In my Policy Injection With Windsor (in 40 minutes), I mentioned that things like the Policy Injection Block are not a really good approach to doing AOP using Windsor. What I meant that I wouldn't build something like the Policy Application Block, simply because it doesn't really gives me anything special.
The use cases for simple interception AOP are quite limited. Mostly logging, performance monitor, and that about it. But its very nature, AOP is an infrastructure entity, and will generally not take part of any meaningful business logic.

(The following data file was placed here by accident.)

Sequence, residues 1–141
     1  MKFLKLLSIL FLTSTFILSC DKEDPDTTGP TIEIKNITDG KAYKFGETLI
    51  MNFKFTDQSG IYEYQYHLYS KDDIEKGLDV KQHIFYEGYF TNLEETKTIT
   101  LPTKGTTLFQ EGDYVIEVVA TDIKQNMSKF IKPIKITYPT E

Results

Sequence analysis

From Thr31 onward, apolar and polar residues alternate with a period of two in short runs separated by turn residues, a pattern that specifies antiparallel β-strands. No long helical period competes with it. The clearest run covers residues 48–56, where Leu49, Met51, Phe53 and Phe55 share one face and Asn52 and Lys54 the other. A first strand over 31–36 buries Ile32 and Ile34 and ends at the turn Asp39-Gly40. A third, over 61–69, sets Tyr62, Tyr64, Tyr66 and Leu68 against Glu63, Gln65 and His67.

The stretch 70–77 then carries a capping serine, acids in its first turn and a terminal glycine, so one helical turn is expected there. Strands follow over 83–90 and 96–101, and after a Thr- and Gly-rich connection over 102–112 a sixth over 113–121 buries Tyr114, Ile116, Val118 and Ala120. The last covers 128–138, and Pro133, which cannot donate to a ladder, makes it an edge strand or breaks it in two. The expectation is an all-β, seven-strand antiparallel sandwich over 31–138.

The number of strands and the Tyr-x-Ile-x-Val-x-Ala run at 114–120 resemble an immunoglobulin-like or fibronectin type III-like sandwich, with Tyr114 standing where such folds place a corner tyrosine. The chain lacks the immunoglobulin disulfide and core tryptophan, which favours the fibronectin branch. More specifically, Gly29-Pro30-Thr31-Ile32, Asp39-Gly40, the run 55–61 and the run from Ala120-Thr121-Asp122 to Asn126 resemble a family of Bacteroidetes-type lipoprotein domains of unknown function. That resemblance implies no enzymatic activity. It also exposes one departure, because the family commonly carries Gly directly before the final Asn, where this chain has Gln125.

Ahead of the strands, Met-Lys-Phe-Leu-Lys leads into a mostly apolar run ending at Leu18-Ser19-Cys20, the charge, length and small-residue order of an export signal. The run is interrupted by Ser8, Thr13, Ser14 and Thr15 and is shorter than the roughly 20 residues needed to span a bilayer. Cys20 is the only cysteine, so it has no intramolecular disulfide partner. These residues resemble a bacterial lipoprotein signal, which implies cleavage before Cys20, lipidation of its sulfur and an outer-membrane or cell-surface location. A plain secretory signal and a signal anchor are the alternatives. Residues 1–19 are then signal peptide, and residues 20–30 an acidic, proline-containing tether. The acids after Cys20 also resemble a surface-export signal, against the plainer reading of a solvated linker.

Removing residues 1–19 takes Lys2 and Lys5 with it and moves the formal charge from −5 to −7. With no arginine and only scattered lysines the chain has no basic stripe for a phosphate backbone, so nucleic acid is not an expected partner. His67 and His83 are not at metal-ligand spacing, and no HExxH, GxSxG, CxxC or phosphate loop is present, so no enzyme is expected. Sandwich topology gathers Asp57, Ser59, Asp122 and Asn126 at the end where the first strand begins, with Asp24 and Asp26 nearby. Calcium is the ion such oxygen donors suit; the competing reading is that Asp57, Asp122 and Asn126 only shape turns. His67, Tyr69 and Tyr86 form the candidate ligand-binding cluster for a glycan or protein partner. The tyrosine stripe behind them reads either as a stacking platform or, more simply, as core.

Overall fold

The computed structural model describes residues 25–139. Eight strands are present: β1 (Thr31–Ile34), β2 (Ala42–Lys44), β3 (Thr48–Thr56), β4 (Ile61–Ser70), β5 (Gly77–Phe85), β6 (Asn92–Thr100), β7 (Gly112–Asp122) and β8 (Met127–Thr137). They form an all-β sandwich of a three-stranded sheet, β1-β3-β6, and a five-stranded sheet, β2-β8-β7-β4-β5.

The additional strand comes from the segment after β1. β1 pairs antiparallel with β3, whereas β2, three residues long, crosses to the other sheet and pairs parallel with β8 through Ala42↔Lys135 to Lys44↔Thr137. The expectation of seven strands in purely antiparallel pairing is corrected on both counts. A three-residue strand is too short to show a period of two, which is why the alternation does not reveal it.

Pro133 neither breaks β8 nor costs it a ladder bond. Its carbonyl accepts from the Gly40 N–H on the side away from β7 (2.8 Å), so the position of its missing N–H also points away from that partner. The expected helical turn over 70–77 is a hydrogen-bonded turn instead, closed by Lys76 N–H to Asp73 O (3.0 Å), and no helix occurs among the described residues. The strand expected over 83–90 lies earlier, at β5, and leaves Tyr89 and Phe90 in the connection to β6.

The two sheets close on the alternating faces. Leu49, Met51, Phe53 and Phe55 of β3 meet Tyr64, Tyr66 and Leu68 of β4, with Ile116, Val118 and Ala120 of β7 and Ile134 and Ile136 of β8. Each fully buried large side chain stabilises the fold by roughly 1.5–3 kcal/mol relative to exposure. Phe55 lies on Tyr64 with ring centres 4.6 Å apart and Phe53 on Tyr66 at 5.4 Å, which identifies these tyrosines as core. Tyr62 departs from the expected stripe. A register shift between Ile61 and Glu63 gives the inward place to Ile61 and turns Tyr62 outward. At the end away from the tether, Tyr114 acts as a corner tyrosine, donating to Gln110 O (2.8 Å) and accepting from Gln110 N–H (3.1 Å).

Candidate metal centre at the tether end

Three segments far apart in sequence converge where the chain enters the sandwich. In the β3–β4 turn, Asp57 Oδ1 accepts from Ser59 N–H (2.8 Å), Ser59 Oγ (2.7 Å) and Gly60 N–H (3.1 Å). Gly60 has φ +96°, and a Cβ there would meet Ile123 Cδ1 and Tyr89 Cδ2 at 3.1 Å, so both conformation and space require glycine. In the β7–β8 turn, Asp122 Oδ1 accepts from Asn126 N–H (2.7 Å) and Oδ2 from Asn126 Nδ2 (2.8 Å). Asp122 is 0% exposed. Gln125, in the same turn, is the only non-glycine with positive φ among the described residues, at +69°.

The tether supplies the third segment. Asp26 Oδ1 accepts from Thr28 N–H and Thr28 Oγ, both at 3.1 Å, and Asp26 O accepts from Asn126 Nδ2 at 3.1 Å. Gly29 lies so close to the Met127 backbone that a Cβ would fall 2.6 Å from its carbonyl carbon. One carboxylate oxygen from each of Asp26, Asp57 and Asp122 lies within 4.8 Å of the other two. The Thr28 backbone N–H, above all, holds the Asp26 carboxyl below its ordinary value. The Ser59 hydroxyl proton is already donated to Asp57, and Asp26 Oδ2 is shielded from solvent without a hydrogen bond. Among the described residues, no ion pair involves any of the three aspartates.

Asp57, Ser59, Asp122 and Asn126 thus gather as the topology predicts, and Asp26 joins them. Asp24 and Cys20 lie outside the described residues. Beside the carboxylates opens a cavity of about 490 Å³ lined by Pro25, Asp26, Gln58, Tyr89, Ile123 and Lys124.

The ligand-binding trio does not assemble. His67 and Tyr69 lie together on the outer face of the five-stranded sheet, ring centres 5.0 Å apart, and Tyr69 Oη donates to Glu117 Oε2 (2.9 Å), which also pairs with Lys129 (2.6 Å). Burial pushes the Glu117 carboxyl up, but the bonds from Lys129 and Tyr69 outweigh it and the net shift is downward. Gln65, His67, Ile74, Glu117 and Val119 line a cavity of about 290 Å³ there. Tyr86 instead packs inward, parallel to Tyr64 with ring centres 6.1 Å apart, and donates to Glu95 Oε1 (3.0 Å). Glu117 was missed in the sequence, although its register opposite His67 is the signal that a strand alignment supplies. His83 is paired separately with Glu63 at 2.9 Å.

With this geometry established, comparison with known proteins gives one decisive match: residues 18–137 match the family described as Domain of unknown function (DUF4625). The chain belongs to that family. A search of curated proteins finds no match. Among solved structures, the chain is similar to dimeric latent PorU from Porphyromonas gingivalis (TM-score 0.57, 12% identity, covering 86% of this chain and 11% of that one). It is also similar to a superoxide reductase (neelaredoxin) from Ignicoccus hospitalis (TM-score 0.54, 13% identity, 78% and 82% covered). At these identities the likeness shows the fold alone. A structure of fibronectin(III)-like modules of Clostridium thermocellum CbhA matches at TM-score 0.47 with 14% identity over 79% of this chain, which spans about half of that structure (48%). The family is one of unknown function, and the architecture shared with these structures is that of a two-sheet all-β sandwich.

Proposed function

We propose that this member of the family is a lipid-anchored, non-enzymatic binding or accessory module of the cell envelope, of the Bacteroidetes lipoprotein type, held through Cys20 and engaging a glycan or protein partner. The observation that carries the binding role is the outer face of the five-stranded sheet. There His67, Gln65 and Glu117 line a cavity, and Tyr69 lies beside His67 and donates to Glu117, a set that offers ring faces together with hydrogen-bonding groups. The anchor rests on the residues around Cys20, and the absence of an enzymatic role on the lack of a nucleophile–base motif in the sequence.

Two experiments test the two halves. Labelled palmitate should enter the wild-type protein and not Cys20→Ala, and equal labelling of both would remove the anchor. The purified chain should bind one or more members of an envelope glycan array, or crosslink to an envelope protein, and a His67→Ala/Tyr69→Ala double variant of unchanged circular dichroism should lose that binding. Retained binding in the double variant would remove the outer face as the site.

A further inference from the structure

If you want to do some of the really interesting stuff with AOP, you generally want to know more than just the method you intercepted, you want to have configuration, access to the object you are intercepting, maybe collaborate with additional objects. Using an approach like the Policy Injection Block, it is fairly hard to do. You generally try to do a lot more with XML than you should.
When I am using AOP, I am mainly build scenario driven facility + interceptor + inspector / contributer. It is not a lot of code (and certainly not repeated one) and it gives me a lot of flexibility without having to put extensability hooks all over the place. This also mean that my model for AOP is more coherent than it would be otherwise.